Teflon Tom

Tom DeLay may be able to escape prosecution for money laundering, on the grounds that the Texas money laundering statute does not apply to checks, according to Republican justices in Texas. A panel of judges voted along party lines not to rehear a decision that would exempt checks from the definition of “funds” in the money laundering law. DeLay’s attorneys believe that this will force prosecutors to dismiss charges against DeLay.

An Austin-based appeals court split along party lines in rejecting a call from one of its members for a full-court rehearing of a case involving Tom DeLay’s onetime political associates.

Third Court of Appeals Justice Diane Henson, a Democrat, unsuccessfully asked the six-member court to reconsider a decision, reached last month by a panel of three Republican justices, that DeLay’s attorney believes will eventually throw out the prosecution’s case against the former congressman.

DeLay was not a party to the appeal but faces the same money laundering and conspiracy charges as his associates, John Colyandro and James Ellis. The panel refused to dismiss charges, finding that the state’s ban on corporate contributions is constitutional. But it said that the money laundering statute in place at the time did not apply to checks.

Request denied

The full court on Friday denied Henson’s request, with the four Republican members voting against a full hearing and Henson and Democrat Jan Patterson dissenting.

The rejection of Henson’s request for a rehearing could make it more likely that Travis County District Attorney Ronnie Earle will ask the full court to reconsider the ruling. He still could appeal to the state’s highest criminal court, the Court of Criminal Appeals. If the Third Court’s ruling stands, DeGuerin said he will ask the trial judge hearing the DeLay case to dismiss the indictments.

Henson issued a strongly worded dissenting opinion critical of the panel for its two-year delay between oral argument and the issuance of the opinion. She said her colleagues overreached to decide an issue that was not properly before the court.

DeLay was indicted in 2005 and had to give up his leadership position as majority leader because of the indictments. He resigned from Congress in 2006 and is working as a consultant in Washington. Henson said the length of time it took the panel to decide the case shows that the appeal raises complex issues that should be reviewed by the entire court.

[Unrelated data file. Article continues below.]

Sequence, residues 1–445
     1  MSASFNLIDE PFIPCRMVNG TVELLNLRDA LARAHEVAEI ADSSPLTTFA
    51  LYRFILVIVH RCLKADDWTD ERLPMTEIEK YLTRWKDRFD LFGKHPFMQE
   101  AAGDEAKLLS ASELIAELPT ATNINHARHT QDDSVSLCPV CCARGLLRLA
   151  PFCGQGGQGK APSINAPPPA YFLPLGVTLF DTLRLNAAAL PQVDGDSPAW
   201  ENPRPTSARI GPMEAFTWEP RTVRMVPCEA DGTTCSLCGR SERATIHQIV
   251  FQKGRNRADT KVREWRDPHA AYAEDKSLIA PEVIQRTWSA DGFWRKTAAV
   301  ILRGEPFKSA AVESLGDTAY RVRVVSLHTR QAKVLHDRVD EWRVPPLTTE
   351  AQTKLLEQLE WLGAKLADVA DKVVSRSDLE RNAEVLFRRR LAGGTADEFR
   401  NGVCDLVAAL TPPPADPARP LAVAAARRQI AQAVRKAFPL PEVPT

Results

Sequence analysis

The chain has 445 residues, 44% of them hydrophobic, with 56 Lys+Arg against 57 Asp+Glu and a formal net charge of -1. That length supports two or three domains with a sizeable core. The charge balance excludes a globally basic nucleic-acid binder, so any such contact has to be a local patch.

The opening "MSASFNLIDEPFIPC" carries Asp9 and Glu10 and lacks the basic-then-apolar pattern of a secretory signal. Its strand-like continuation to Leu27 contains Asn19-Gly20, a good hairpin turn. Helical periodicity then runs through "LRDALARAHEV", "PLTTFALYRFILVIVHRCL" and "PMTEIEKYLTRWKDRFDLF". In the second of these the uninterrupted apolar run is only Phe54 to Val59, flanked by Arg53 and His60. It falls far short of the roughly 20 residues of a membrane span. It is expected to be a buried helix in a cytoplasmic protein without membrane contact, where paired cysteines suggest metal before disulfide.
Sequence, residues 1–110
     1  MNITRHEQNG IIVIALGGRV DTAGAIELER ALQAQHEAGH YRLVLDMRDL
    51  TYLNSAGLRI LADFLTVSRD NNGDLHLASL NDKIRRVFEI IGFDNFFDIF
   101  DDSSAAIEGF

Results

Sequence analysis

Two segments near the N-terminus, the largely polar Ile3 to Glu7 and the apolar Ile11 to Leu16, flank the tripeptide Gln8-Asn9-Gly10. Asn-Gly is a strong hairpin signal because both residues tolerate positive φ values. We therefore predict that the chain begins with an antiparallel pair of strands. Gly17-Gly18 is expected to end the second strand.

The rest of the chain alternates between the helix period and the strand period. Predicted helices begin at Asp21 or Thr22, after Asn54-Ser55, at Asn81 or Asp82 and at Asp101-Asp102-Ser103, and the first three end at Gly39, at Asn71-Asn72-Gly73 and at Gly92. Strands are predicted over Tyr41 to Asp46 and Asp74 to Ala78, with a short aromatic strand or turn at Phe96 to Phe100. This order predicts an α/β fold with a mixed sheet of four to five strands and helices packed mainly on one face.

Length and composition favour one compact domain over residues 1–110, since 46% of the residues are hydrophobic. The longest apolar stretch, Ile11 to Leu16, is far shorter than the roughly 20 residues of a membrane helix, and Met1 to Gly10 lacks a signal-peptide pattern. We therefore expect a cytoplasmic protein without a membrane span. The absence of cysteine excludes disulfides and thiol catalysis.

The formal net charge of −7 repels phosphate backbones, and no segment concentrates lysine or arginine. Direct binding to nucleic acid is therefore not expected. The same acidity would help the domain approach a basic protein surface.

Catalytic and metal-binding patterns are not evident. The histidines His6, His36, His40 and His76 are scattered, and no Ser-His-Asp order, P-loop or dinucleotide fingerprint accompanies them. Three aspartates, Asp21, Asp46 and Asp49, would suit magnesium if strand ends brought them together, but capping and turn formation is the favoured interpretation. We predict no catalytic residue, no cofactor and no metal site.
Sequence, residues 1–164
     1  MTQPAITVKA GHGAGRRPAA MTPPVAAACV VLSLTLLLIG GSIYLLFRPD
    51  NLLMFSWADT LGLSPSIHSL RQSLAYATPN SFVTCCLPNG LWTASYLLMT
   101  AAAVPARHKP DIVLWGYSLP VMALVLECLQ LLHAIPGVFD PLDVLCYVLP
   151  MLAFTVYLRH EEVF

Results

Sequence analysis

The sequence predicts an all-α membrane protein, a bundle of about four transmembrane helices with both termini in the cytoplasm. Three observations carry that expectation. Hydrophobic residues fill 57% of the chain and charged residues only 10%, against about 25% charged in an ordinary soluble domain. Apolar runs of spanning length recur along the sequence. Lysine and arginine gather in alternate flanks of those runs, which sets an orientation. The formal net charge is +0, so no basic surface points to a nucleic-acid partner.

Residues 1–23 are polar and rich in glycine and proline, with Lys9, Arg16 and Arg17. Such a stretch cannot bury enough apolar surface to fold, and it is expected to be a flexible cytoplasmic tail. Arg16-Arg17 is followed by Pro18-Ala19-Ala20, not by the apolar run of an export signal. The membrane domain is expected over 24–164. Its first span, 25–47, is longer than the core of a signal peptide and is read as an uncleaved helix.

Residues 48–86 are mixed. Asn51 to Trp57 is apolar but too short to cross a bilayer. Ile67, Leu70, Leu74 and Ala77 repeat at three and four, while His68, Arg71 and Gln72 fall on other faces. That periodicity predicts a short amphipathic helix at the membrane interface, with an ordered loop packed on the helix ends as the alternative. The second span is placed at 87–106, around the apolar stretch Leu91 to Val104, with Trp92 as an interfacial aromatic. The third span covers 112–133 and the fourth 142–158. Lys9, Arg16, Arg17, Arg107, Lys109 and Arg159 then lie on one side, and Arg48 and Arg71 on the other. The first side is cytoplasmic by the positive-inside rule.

“In a case where the panel has been unable to resolve pretrial proceedings in this accelerated case in even a remotely reasonable period of time, effectively tying the hands of the prosecution for several years and delaying the resolution of charges of public corruption that undermine the very core of our political system, the need for en banc (full court) review is evident,” she wrote.

DeLay and his associates are accused of funneling $190,000 in corporate donations illegally to seven Texas House candidates in 2002. Prosecutors allege they conspired to violate the corporate ban by laundering money through national Republican Party accounts.

Dick DeGuerin, DeLay’s attorney, said he believes that the ruling will force prosecutors to eventually dismiss the charges because the indictment alleges the transactions were conducted with checks. The Legislature in 2005 added checks to the definition of “funds” in the money laundering law.

Have those Texas candidates ever returned the money or admitted that they used it for their campaigns, six of them haven’t. Not surprising either, that Delay is a consultant in Washington. I’m sure he is very helpful with finding creative ways to fund Republican campaigns. The Texas Judges must be proud of their contribution to helping “the most corrupt politicians in history”. Their doing a wonderful job at making sure they never see the inside of a prison.

TPM Muckraker

UPDATE: While Teflon Tom DeLay gets off scot-free from justice. Amy Goodman, an AP Photographer, two other members of Democracy Now!, (Sharif Abdel Kouddous and Nicole Salazar) several members of LegalWatch, and the New York Post were arrested for Obstruction and a numerous other charges this week. This proves their our different forms of “so-called” justice in our country, Republican Justice and Justice for the commoners.

Amy Goodman being arrested at the Republican National Convention

Amy Goodman being arrested at the Republican National Convention

1 thought on “Teflon Tom

  1. Money laundering should be a federal offense and usually involves income tax evasion. And they do go looking for checks and money orders. That’s how they got the Greylord judges taking bribes for trials in Chicago years ago. All is not lost yet. They went to all the bars where these guys lived asking if they came in there and spent cash or checks or money orders and they went around to all the currency exchanges. And IRS laws are easier to convict on. And lots of people have grudges against Delay. Once they find out the state isn’t handling it I bet somebody will.

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